But LinkedIn counters that its duties as platform owner supercede hiQ’s “different in kind” accessing of publicly viewable information. HiQ’s vacuuming of mass amounts of user data, it argues, leads to privacy violations, including tracking of so-called “Do Not Broadcast” edits to member profiles. This argument ran aground at the preliminary injunction stage due to what the court regarded as a lack of empirical evidence that members minded.
Notably, the district court nixed these arguments; refused, in other words, to honor members’ reliance on LinkedIn’s user agreements to protect themselves from possible untoward effects of big-data manipulation. In contrast to the orchestrated furor abroad against Facebook and Cambridge Analytica, the liberal court declined to recognize LinkedIn’s fiduciary duty to its sharing members. The fact that hiQ has no accountability whatsoever to users suggests that in the liberal courts, traditional contract rights may be giving way to other interests. These interests are aligned with, as the district court approvingly put it, “the ability to find, aggregate, organize, and analyze data.”
‘Good Bots’ Supposedly Make Privacy Violations All Right
The district court bypassed whether the use of predictive algorithms such as those employed by hiQ can impair a person’s life chances, for example, when he flunks an employer’s or creditor’s optimization scores. It focused instead on actual member complaints (of which there were few) as well as ways LinkedIn’s practices lead to similar glitches in the “Do Not Broadcast” category as hiQ’s. It may be that the eventual but unforeseen monetization of data by third parties to which we are all vulnerable is too general or speculative an objection to data mining for courts to consider.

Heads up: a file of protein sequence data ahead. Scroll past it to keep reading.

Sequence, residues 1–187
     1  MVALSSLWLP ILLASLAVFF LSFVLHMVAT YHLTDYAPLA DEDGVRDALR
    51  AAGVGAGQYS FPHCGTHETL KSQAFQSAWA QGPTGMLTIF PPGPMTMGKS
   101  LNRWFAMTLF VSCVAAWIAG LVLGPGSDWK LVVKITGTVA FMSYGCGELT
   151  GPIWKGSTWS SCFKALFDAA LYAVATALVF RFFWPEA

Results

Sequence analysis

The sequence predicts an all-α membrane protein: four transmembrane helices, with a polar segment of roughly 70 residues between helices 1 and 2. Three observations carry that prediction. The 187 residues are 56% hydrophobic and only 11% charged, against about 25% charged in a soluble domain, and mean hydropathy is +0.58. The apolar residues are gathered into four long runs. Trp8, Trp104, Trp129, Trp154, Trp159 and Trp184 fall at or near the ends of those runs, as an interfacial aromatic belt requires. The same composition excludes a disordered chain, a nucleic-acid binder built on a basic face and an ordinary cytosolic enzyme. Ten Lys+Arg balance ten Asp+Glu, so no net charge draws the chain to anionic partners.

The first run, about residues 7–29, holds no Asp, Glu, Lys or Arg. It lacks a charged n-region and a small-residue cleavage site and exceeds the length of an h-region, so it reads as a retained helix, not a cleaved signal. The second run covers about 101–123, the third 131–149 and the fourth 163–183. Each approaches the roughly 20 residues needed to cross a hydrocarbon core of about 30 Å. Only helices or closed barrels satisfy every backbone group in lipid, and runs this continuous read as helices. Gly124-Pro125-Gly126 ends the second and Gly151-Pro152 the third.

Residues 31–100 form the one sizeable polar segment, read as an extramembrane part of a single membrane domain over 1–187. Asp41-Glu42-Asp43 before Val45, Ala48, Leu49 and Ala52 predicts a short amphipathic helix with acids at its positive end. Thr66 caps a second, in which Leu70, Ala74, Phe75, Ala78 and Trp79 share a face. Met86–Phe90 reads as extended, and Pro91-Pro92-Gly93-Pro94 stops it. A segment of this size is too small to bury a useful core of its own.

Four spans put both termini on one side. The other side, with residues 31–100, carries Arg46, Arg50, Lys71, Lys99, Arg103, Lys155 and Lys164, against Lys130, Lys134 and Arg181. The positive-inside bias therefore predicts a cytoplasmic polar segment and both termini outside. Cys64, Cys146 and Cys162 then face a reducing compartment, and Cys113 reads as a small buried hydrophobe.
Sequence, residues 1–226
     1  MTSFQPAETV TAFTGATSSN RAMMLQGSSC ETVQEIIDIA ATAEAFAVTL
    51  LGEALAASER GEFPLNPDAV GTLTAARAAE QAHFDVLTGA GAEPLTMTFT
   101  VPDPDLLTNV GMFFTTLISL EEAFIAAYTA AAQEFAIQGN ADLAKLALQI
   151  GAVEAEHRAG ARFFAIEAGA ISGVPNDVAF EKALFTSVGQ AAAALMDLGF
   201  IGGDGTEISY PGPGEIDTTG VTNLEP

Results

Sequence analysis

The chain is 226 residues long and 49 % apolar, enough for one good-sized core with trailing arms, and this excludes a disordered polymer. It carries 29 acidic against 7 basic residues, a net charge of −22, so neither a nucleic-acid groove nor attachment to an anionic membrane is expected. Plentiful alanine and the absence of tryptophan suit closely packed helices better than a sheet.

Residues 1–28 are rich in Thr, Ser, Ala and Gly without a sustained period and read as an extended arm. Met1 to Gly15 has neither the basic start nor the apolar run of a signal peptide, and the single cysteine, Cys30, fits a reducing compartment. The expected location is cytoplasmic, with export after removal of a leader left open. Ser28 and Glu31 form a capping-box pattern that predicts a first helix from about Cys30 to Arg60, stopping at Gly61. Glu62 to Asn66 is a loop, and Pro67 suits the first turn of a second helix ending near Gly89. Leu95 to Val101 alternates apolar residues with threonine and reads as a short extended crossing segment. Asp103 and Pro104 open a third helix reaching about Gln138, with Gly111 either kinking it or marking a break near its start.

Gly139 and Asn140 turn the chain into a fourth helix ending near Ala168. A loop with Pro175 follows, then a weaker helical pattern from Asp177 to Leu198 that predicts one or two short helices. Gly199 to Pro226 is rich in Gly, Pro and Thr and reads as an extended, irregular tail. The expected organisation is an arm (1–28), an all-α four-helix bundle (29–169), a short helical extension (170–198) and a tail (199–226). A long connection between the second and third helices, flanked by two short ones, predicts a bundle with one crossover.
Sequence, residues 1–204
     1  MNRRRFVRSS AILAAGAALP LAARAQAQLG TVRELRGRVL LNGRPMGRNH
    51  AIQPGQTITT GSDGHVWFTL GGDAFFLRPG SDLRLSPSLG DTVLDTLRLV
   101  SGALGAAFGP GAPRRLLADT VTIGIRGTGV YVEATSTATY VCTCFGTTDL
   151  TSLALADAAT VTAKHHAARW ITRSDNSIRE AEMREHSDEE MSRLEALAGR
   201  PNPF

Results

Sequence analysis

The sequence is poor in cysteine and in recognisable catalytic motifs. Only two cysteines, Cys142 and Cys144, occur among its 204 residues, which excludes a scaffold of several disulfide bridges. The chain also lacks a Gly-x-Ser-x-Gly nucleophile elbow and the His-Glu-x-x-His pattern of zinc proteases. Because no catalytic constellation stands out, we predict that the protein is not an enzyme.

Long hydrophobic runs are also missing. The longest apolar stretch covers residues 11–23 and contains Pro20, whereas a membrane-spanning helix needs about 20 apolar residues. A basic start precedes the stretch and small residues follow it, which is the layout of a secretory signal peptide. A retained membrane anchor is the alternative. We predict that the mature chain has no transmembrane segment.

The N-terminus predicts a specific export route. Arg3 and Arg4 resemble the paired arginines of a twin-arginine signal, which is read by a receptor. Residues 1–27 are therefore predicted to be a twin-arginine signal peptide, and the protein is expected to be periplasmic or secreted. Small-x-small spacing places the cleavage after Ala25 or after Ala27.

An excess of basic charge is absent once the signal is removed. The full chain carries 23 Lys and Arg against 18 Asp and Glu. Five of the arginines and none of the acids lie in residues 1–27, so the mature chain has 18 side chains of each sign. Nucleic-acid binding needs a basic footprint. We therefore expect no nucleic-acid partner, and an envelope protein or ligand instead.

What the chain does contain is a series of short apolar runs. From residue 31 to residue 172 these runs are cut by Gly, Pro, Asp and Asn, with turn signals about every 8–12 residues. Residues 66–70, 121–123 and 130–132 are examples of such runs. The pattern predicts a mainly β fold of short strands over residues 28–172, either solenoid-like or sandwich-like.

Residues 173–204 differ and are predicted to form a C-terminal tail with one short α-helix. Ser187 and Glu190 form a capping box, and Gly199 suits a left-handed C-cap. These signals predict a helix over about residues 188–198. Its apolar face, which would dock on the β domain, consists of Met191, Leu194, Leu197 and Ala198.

Still, this case demonstrates that concern for privacy and data “repurposing” is selective. Summarizing EFF’s different positions here and in connection with Cambridge Analytica, we’d have to say that automated tools are good when they are used by researchers to audit for racial and sex discrimination, but bad when they employ psychological profiling to persuade people to vote for Donald Trump. Indeed, proposed privacy legislation has a left-liberal bias that would do little to safeguard individual fortunes in the hiQ context.
As a society we are legitimately wondering whether informed user consent can really protect us. But what is more worrisome is that here, if LinkedIn loses, user consent will have ceased altogether to be a benchmark of best practices. This is far from reassuring. Even with more privacy regulation on the horizon, there is no guaranteeing the “intelligence” gathered on us is information we’d ever knowingly entrust to the often partisan actors who paternalistically claim the right to control it.